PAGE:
The SODA Blog

The official blog of the Sportsplex Operators & Developers Association

Amateur sports add more than $104M to Lee economy !

 

Amateur sports are almost like a stealth part of  Florida’s Lee County’s tourism economic profile.

Residents who don’t work in the hotel or restaurant industries may not realize what baseball players and swimmers and others bring to the county.

The direct economic impact of amateur sports on the county in 2017 was $65.9 million, according to a Lee County Sports Development Office study. The total economic impact including indirect spending was $104.4 million, according to the study.

How is that possible ?

So amateur sports spread over 12 months have a greater economic impact than spring training. Jim Larkin, general manager of the Crowne Plaza in Fort Myers, said the value of amateur sports is likely not well-known.

“I think when most people think of sports they think of spring training,” Mr. Larkin said.

Sports are something beyond the high-priced talent on display for a few weeks every year in spring training. It’s also amateur sports and baseball events such as Perfect Game, which is focused on youth baseball and had 41 events on county ballfields in 2017. It’s also Roy Hobbs Baseball, which is focused on adult players and has an annual four-week World Series in Lee County every fall.

It’s also fantasy camps and events such as the Florida High School Activities Association baseball state championships.

Baseball is at the heart of the amateur sports economic stimulus. Of the nearly $66 million of amateur sports economic impact infused into Lee County’s economy in 2017 about $47.7 million came from baseball. That’s roughly 71 percent of the total.

“Baseball is still the big dog,” Mr. Larkin said.

There is a simple reason for that.

“We market what Lee County has,” said Jeff Mielke, executive director of the sports development office.

Lee County has five baseball venues that are now used or were once used by Major League Baseball teams.

Terry Park in Fort Myers was the spring training home for four big-league teams between 1925 and 1987. That four-field complex is now used for amateur baseball.

The Boston Red Sox two old facilities, City of Palms Park in downtown Fort Myers and a five-field training facility two miles to the east, are now used for amateur baseball organizations such as Perfect Game and Roy Hobbs Baseball.

JetBlue Park, the Red Sox current spring home, is used for spring training only about six weeks out of the year. The rest of the year it gets heavy usage by amateur players.

That is also true of the CenturyLink Sports Complex, the spring home of the Minnesota Twins and the summer home of the minor-league Fort Myers Miracle.

Mr. Mielke said between all those facilities there are “26 Major League Baseball fields.”

That explains why nearly three-quarters of the amateur sports bonanza comes from baseball. But how many more events and games can be played at these venues ?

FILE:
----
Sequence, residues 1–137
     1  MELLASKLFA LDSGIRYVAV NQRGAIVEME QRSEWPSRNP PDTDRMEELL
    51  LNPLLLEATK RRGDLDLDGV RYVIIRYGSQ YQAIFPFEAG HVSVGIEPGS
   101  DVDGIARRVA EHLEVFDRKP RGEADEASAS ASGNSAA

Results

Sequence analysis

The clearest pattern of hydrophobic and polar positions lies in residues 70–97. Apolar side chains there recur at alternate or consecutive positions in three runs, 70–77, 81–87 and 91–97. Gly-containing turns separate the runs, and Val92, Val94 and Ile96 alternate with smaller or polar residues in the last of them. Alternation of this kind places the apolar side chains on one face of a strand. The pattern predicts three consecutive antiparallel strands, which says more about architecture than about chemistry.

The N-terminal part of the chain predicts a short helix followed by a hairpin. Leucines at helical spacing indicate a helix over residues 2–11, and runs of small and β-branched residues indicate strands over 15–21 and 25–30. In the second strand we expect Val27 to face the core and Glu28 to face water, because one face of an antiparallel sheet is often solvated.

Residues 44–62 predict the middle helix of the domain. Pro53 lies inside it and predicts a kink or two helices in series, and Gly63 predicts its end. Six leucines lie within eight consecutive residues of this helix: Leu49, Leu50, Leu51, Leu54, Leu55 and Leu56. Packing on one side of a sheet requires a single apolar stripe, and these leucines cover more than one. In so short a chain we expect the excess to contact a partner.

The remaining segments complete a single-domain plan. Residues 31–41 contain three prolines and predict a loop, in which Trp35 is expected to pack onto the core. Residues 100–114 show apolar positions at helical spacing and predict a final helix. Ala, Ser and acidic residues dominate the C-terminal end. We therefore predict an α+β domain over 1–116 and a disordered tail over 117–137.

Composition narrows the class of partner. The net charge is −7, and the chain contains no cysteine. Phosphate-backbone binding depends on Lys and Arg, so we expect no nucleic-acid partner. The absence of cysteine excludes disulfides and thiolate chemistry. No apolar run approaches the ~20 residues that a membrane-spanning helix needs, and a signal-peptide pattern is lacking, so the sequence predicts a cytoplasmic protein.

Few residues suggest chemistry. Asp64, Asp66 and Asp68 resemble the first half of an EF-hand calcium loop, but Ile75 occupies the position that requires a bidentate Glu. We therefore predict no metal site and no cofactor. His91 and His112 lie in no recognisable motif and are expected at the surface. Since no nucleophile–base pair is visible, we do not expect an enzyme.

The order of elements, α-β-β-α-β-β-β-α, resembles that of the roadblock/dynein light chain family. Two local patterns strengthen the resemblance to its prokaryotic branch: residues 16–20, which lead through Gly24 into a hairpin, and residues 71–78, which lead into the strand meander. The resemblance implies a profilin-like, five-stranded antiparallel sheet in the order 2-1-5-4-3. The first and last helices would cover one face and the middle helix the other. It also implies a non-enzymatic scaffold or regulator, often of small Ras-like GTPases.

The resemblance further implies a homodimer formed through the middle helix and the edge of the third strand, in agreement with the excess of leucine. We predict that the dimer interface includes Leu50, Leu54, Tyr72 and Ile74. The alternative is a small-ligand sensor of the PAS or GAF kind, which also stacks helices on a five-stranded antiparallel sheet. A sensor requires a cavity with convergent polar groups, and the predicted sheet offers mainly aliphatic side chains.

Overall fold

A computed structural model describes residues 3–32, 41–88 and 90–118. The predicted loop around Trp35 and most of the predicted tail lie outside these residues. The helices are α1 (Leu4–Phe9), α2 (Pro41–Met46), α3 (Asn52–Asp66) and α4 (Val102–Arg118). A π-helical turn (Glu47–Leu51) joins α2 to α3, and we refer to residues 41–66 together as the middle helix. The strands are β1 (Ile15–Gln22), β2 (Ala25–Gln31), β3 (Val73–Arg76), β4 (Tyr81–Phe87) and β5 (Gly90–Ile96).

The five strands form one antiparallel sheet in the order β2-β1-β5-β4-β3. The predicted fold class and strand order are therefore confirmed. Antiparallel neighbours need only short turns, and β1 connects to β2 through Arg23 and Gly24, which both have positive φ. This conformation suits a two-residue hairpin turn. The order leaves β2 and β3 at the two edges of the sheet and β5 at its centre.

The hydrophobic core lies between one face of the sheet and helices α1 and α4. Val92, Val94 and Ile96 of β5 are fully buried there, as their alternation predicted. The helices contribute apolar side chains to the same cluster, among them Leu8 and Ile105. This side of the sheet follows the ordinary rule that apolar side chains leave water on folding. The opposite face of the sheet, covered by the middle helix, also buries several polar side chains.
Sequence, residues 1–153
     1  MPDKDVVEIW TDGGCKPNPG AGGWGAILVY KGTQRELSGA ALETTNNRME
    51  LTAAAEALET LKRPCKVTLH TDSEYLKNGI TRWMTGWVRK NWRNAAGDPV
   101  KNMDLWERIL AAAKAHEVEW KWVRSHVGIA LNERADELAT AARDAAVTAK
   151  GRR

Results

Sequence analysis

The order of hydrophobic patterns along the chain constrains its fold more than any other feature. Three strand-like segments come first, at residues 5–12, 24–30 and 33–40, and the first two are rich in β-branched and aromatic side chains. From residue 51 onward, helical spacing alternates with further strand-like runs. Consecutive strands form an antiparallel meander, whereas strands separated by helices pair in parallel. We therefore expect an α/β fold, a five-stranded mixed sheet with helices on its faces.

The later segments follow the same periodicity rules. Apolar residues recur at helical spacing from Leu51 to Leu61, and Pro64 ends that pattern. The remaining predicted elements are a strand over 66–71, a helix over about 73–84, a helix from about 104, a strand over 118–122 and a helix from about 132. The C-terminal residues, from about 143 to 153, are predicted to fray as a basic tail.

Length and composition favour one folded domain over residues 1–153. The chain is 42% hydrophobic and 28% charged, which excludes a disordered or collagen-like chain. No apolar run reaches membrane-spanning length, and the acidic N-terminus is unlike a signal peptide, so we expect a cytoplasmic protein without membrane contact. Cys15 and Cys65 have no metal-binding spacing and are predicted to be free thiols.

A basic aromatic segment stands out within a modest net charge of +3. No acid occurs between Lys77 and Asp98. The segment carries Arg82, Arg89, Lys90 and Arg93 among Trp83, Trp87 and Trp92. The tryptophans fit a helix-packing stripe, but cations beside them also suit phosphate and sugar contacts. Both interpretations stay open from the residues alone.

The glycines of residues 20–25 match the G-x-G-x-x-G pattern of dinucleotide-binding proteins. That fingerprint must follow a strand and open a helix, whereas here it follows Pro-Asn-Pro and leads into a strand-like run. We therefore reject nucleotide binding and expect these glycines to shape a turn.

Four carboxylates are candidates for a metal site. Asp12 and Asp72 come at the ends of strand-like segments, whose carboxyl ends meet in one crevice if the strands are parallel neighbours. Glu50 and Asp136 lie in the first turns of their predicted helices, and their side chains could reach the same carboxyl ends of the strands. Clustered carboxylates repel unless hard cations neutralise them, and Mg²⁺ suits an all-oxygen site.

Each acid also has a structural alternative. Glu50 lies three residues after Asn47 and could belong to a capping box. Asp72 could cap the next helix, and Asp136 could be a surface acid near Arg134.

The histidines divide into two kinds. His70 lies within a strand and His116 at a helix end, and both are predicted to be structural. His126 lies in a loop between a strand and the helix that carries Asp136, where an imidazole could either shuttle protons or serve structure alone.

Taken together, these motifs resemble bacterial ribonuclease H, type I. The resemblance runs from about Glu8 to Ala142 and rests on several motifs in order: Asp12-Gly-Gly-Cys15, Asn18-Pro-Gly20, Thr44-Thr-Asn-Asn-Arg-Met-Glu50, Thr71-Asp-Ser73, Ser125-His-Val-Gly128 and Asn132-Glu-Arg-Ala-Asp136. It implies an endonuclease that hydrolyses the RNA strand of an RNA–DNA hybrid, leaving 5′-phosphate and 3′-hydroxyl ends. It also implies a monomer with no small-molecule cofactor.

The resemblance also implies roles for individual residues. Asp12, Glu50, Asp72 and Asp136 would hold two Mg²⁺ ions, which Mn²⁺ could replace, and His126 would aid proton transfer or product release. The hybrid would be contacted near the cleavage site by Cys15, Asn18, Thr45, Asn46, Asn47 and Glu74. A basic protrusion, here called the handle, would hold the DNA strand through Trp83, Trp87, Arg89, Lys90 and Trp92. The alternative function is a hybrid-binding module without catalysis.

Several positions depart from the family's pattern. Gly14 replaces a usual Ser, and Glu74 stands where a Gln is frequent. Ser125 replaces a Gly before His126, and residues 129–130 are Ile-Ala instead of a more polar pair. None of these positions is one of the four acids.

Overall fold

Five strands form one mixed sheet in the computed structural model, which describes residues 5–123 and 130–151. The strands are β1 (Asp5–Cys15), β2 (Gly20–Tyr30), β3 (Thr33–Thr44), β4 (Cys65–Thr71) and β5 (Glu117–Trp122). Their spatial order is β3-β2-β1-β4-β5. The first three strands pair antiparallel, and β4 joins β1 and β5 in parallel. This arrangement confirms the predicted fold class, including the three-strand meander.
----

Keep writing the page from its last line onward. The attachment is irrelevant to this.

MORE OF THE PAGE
“We’ve about reached the saturation point,” Mr. Larkin said.

He said there are tentative plans to add perhaps five more fields and even lights to fields at the five-plex, the old Red Sox practice facility at the east end of Edison Avenue.

“That’s going to be a big boost,” Mr. Larkin said.

A county spokeswoman said there is a plan to develop eight youth fields and one Challenge Field — and that the complex could potentially have lights added.

Baseball drives the amateur sports economy engine in Lee County but it is far from the only sport. County officials hope to expand the number of sports that bring visitors to the county.

The number of amateur sports visitors in 2017 was 148,187, according to the study. Each of the 144 events accounted for an average of 1,045 room nights in hotels.

The events averaged $759,784 in total economic impact.

Lee County Commissioner Cecil Pendergrass, who is also chairman of the Tourist Development Council, doesn’t see any end to this trend.

He expects even more to come from baseball because of plans at what is called in the local sports jargon the “five-plex.”

The complex opened in 1993, the same year City of Palms Park opened.

“We’re looking to constantly expand,” Mr. Pendergrass said.

That means not only in venues but also in the diversity of sports events held in the county.

One of the benefits of these sports events, according to folks in tourism and hospitality, is timing. Big numbers are posted in the summer when tourism hits a lull.

July was the biggest month in 2017 for amateur sports in Lee County in terms of economic impact, hotel room nights, event participants and event spectators.

The direct economic impact in July was nearly $15.9 million.

“It’s something we’ve been talking about for years — year-round tourism,” Mr. Pendergrass said.

Mr. Larkin said July used to be considered a “lackluster” month for local hoteliers before the amateur sports boom.

Only one other month other than July topped $8 million in impact in 2017. That was November when the impact was measured at $11.6 million.

Amateur sports events in July accounted for 10,263 hotel nights, according to the study.

John Naylor, a former general manager of the Pink Shell Resort & Marina on Fort Myers Beach, knows how much the impact of amateur sports has grown in Lee County in the past quarter of a century. He recalls starting up a fledgling program to boost sports tourism in 1992.

“Our goal was to drive 2,500 room nights in the off-season,” Mr. Naylor said.